Student profile

Student Profile: Alex Kirby

Alex Kirby

6 December 2022

Machine Learning for Regional Assessment

I’m Alex, a doctorate student at the University of Auckland. In my undergraduate degree I studied civil and environment engineering at the University of Auckland, with a focus on structural and earthquake engineering. Outside of my studies I enjoy playing football/tennis and going bouldering.

My Project

My PhD project is focused on using machine learning for earthquake engineering applications. The goal of my project is to utilise a deep neural network to predict building response to an earthquake. Machine learning has applications for both pre-event analysis through planning and resilience studies, and post-event analysis for rapid response and damage detection.

This project has so far been very interesting and also very challenging. There has been a lot of coding in some unfamiliar languages that I’ve had to learn which weren’t covered in my undergraduate degree. This has been very enjoyable so far and I’ve also enjoyed working on other projects using these new skills.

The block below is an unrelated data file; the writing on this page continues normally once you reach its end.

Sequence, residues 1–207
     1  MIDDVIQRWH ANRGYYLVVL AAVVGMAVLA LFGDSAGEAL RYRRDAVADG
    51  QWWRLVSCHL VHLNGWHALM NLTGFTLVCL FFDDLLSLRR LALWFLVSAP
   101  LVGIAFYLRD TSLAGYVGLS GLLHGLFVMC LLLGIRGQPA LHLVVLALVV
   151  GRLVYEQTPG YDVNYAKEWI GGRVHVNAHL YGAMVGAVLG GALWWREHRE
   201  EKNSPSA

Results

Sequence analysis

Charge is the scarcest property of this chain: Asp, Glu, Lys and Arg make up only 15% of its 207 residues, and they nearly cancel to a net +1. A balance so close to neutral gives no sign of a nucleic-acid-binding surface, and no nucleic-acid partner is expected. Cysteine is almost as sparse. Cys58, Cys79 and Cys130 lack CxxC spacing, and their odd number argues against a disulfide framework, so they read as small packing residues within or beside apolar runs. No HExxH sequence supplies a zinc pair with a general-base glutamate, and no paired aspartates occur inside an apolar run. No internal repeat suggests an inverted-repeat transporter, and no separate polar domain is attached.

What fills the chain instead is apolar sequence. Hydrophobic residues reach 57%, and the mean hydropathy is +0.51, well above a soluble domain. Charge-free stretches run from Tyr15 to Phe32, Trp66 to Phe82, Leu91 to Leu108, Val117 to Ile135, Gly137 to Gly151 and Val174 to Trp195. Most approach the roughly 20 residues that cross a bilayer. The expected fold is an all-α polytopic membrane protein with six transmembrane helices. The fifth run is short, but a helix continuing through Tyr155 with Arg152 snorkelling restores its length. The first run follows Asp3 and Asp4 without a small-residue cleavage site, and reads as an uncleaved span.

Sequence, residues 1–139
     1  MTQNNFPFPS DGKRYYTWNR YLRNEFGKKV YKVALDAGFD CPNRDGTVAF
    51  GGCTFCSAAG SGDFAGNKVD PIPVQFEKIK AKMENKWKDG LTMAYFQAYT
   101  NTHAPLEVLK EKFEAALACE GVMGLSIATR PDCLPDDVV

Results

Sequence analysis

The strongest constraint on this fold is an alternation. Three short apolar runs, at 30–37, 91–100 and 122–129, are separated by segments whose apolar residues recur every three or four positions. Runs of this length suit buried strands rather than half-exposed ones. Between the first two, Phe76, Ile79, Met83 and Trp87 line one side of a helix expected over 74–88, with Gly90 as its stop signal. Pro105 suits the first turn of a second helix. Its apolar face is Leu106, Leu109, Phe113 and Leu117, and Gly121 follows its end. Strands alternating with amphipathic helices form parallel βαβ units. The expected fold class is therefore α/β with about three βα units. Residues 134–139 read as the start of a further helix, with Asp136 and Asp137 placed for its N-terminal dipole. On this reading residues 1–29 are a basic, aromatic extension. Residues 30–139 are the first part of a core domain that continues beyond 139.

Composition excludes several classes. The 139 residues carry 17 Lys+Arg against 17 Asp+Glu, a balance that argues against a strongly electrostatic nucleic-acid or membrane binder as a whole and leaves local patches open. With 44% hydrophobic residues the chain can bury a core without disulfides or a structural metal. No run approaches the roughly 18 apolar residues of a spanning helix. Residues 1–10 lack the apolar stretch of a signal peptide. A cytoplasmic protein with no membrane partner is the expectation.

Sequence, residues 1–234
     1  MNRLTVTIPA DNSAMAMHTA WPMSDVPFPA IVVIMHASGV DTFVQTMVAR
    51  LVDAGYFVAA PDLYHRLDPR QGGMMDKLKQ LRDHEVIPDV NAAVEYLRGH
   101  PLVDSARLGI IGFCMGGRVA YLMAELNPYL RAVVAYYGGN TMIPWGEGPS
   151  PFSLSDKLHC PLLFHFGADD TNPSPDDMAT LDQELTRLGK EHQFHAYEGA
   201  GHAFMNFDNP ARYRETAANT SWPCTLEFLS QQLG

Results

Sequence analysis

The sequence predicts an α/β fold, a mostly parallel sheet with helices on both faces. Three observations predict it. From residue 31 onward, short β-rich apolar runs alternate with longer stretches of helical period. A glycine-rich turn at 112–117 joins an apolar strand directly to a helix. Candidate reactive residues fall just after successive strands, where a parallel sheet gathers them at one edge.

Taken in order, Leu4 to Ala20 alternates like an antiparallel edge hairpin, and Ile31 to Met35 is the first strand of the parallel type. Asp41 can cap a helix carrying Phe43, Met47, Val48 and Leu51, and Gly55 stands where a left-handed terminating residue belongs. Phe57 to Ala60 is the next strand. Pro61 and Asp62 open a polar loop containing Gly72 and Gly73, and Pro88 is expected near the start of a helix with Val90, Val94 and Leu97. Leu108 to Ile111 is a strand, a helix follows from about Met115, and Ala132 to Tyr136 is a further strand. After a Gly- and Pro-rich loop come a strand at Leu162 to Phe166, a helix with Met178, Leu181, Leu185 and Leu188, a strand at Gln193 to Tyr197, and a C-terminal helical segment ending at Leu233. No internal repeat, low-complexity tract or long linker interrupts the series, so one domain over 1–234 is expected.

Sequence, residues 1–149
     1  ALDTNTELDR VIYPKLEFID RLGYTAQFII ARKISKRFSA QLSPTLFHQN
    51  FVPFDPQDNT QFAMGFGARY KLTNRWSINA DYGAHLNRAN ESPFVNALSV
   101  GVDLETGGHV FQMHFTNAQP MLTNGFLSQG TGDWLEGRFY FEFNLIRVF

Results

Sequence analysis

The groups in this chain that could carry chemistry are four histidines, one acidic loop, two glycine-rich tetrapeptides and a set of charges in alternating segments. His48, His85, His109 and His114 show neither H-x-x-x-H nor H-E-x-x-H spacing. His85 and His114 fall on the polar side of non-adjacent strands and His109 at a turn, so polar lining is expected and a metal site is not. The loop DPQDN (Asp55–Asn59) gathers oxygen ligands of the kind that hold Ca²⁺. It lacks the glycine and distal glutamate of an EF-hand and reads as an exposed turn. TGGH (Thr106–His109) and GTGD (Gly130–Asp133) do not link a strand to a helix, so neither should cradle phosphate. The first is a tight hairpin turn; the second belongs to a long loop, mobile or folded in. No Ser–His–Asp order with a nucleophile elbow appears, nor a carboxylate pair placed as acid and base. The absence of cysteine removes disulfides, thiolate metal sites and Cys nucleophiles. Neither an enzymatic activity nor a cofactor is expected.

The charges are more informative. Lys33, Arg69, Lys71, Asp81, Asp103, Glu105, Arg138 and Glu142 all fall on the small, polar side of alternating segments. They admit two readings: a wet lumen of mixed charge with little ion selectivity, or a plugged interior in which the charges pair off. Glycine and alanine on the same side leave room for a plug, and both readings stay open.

Next Steps

I’m very excited about the next steps and future of this project. Currently I am working on a basic machine learning model to predict the earthquake response of a ten-storey building in Japan that will be tested in February 2023. This is a great opportunity as the data collected will be able to validate both the numerical models produced as well as the machine learning model predictions. From there we can investigate the accuracy of machine learning models in predicting the building response, as well as work on updating the models using this real world data.

These next steps are especially exciting as I will be joining a small team going to Japan to help instrument the test building and view the tests in person. Further beyond this, I will have my confirmation in May, and then start working on models for use in Wellington through the Smart Seismic Cities project.

I’m very proud to be working on a project that will hopefully have real world benefits and lead to safer structures in the aftermath of earthquakes.

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